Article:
Why was the London Bridge terrorist released from prison?

<span>Photograph: Jacob King/PA</span>
Photograph: Jacob King/PA

Was Usman Khan still serving a prison sentence at the time of the London Bridge attack? What had he done?

Khan was convicted in 2012 in a complex court case involving three connected al-Qaida inspired groups. He was one of three men from Stoke-on-Trent who were convicted of planning to set up a terrorist camp in Pakistan, and had planned to travel there to carry out attacks in Kashmir.

Khan, 28, was released from prison on licence last year. At the time of the attack he wearing an electronic tag, managed by the probation service and subject to low-level monitoring.

What sentence did he originally receive?

Khan was originally sentenced in February 2012. Like the other Stoke plotters, he pleaded guilty. The trial judge, Mr Justice Wilkie, weighed up whether to give Khan a fixed, determinate sentence, which under the prevailing rules would have meant he was eligible for release halfway during his prison term, or an indeterminate imprisonment for public protection (IPP) sentence, which would have meant his release would be subject to a parole board review.

He concluded that Khan and two others posed a sufficiently long-term risk to the public to hand down an indeterminate sentence. “In my judgment,” Wilkie concluded, Khan and the other two Stoke plotters were “more serious jihadis than the others. They were working to a long-term agenda”.

Screengrab taken from BBC News of Usman Khan in 2008.
Screengrab taken from BBC News of Usman Khan in 2008. Photograph: BBC News/PA

What happened when the case went to the court of appeal?

Khan and the other Stoke plotters successively appealed against their indeterminate sentences in a case that concluded in March 2013.

The court of appeal, chaired by Lord Justice Leveson, concluded that there was no suggestion that Khan or the other two “would be in a position to activate, operate or participate” any terror training facility in Pakistan, and formed the view that in any event, their terror plans were largely related to overseas.

The court decided to impose fixed sentences instead. In Khan’s case this new sentence was a fixed term of 16 years, extended by a further five on licence. That meant he would automatically be allowed out after eight years, without the involvement of the parole board.

Why were such dangerous prisoners let out without parole board oversight?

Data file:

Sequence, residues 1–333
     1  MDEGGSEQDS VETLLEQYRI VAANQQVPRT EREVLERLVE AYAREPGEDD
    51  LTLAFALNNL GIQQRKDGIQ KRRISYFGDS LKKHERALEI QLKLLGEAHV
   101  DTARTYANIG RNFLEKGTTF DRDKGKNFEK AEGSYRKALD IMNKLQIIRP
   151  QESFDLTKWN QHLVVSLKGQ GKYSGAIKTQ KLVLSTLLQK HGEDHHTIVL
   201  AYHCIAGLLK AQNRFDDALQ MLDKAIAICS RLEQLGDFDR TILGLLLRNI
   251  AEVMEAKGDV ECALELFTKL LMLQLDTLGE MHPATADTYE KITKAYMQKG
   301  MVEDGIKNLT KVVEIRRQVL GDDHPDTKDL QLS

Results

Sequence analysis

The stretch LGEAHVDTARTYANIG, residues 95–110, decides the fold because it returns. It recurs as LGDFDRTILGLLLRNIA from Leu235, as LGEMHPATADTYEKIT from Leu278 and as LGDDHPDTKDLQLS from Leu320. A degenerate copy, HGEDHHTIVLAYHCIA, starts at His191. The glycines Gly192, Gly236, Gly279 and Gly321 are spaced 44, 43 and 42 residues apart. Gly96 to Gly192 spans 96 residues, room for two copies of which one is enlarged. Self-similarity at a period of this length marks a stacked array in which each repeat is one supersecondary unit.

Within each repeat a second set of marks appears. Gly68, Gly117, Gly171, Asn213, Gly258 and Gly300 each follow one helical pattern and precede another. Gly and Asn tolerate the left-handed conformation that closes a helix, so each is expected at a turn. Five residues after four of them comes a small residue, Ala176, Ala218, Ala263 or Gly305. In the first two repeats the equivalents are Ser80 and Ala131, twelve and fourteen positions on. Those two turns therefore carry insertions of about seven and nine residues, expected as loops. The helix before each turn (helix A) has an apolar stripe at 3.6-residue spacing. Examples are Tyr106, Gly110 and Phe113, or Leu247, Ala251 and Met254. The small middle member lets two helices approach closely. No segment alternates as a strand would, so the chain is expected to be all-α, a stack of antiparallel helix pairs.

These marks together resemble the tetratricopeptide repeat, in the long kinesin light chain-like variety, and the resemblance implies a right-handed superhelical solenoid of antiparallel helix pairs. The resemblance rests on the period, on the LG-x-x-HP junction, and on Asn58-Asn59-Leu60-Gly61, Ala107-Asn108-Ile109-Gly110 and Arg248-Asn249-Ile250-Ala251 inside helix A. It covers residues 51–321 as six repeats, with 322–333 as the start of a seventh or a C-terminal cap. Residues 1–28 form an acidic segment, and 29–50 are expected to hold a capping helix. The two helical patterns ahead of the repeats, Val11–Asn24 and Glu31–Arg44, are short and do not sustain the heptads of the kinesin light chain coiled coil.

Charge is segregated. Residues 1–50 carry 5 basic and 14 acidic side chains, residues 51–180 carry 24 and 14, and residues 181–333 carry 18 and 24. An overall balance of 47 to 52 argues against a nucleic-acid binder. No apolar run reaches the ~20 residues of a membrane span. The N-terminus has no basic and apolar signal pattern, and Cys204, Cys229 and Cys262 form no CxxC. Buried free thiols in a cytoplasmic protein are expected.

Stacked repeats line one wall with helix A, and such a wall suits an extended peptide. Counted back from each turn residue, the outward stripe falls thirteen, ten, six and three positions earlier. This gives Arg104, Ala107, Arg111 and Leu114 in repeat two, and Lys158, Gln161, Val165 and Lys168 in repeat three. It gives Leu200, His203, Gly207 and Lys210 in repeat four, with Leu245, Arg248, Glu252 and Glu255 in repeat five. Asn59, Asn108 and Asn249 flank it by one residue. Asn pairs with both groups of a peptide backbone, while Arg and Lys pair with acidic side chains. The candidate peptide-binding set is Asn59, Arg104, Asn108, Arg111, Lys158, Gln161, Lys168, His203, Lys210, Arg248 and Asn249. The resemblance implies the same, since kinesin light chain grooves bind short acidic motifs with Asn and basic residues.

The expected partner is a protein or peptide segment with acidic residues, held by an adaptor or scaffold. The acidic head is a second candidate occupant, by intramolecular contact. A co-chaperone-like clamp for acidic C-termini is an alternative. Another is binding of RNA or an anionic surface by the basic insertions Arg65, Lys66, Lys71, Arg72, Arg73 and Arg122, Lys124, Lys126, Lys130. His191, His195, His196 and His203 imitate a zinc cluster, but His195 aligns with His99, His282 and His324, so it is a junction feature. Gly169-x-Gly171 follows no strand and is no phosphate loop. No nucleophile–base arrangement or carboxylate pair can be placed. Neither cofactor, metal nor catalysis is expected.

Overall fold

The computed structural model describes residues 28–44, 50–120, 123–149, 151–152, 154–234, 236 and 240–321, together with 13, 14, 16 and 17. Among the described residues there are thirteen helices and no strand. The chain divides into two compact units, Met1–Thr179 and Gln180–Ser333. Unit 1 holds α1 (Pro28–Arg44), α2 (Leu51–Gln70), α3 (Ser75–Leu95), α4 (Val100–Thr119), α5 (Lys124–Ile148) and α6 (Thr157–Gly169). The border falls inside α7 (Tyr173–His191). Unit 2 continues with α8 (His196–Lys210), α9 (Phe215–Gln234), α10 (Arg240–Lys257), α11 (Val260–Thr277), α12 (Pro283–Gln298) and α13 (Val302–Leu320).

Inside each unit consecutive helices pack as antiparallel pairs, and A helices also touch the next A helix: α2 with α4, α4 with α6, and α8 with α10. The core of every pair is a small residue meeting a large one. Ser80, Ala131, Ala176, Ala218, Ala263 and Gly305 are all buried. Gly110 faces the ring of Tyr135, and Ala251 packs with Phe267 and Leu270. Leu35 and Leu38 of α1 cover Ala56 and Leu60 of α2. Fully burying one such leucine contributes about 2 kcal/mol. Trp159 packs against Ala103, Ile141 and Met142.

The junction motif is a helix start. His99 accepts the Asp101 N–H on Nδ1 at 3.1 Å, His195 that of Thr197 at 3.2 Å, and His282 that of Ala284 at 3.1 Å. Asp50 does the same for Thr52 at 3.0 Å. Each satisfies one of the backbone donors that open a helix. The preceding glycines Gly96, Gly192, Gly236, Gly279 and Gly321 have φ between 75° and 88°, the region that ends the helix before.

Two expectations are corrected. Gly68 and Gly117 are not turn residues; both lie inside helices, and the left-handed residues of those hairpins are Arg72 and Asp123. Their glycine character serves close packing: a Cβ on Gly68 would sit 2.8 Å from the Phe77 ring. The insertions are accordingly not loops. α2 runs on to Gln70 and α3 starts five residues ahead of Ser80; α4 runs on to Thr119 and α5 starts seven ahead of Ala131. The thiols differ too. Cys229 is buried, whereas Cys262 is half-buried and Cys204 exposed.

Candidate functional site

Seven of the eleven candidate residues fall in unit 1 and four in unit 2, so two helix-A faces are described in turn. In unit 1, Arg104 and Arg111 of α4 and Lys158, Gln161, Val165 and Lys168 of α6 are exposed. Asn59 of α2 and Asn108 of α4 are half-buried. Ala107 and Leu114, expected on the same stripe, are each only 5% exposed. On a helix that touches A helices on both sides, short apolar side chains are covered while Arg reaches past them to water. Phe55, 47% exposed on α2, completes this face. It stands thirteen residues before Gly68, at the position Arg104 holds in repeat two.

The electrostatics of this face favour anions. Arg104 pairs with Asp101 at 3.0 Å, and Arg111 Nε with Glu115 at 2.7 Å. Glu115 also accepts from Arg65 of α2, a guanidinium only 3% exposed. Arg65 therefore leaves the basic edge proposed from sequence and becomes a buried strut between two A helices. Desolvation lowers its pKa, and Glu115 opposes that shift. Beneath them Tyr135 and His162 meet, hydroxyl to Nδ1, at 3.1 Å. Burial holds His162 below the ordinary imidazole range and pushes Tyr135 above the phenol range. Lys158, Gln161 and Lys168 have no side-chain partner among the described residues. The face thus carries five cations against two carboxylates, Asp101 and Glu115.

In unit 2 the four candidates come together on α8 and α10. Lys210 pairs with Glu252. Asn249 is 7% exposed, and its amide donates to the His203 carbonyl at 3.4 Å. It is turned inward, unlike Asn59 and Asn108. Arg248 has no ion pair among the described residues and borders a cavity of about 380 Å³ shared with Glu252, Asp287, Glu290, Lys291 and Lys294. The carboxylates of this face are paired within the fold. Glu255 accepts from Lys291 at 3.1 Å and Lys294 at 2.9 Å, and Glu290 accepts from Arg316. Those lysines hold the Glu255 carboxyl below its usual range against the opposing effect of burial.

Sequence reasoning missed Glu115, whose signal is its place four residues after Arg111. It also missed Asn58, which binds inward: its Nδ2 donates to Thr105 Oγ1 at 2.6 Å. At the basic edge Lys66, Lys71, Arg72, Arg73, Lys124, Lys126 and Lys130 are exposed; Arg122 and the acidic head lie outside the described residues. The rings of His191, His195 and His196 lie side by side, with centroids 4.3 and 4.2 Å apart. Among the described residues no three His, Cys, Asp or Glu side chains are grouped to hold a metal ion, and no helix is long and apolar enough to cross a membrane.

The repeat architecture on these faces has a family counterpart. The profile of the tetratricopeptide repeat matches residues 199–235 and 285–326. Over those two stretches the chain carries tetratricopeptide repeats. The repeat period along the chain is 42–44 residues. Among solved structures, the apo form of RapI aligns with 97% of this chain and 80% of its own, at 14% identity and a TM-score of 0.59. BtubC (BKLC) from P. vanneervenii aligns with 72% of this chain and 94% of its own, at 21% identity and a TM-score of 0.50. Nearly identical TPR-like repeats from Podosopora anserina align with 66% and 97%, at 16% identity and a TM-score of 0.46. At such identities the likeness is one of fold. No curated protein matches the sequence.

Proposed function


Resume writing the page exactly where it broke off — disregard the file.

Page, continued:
The type of prison term Khan ultimately received was an extended sentence for public protection (EPP). These were introduced in April 2005, by Labour, in the Criminal Justice Act 2003, alongside the IPP sentences.

Initially, both required that a parole board assessment be made before a prisoner could be released. But the prison population soared, partly because parole boards were not impressed by rehabilitation efforts in jail.

Related: Usman Khan profile: terrorist who wanted to bomb London Stock Exchange

Labour changed the law in 2008 to ease the pressure and for extended sentences only the requirement for parole board oversight was removed. Prisoners like Khan – who were not subject to any other conditions – became automatically eligible for release halfway through their jail terms.

The rules for terrorism sentencing were changed by the Conservatives in 2015 as Islamic State became more active. All terrorism offenders sentenced since then have to apply for parole.

So is Boris Johnson right to blame Labour?

No. It is true that Labour’s law change of 2008 created the type of extended sentence that allowed Khan to be released automatically. But Labour had also created a viable alternative, in the indeterminate IPP sentence, which required parole board oversight.

The Conservatives election manifesto says: “We will introduce tougher sentencing for the worst offenders and end automatic halfway release from prison for serious crimes”, but it has nothing specific on terror offences. Johnson’s post-attack proposal that terrorists should spend at least 14 years in prison is entirely new.

Is anybody to blame?

It is easy to talk about blame with the benefit of hindsight but difficult to apportion it in reality. Labour had given the judges at the time a choice: an indeterminate sentence requiring parole board oversight or a determinate sentence, which did not.

Mr Justice Wilkie chose the first, and the court of appeal overturned his decision and chose the latter. Recent law changes by the Conservatives have only reduced the discretion available to judges in terror cases.